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First attested 1853 in a Texas context, possibly from the notion of proceeding by leaps or because the kangaroo's appearance defies nature.


kangaroo court ‎(plural kangaroo courts)

  1. (idiomatic) A judicial or quasi-judicial proceeding, or a group which conducts such proceedings, which is without proper authority, abusive, or otherwise unjust.
    • 1856, Alfred W. Arrington, The Rangers and Regulators of the Tanaha, or, Life Among the Lawless: A tale of the republic of Texas., New York: R.M. DeWitt, page 247:
      Sol Tuttle interposed, "Don't you let nobody hev any witnesses in this kangaroo court?"
    • 1933 April 10, “The New Pictures: M by Fritz Lang”, in Time[1]:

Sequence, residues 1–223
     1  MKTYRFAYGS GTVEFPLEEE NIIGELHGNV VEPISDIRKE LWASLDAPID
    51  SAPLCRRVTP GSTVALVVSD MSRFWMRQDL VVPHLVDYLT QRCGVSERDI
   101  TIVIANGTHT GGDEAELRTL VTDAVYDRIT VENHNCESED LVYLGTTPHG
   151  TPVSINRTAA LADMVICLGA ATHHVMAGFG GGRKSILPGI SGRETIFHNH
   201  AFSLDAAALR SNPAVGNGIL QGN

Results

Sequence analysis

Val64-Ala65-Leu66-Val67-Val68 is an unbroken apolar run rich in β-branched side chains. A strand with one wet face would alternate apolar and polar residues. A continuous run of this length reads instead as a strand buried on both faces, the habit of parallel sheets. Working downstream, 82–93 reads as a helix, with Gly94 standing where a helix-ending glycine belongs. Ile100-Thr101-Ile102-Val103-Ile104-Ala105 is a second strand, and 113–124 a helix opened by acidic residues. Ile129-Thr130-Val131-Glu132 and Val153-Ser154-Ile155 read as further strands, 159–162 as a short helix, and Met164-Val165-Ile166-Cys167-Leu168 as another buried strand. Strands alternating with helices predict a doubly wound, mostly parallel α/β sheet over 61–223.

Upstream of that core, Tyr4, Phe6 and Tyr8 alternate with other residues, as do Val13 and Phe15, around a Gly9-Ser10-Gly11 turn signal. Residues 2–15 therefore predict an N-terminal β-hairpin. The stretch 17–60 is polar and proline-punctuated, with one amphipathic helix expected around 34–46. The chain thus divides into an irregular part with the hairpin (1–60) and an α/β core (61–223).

They take him off to face their kangaroo court in the cellar of a deserted brewery.
    • 2003, David Glazier, “Kangaroo Court or Competent Tribunal?: Judging the 21st Century Military Commission”, in Virginia Law Review, volume 89, number 8, page 2093:
      A military commission trial falling short of the full UCMJ standard is all but certain to be pejoratively judged as a "kangaroo court" in the court of public opinion.


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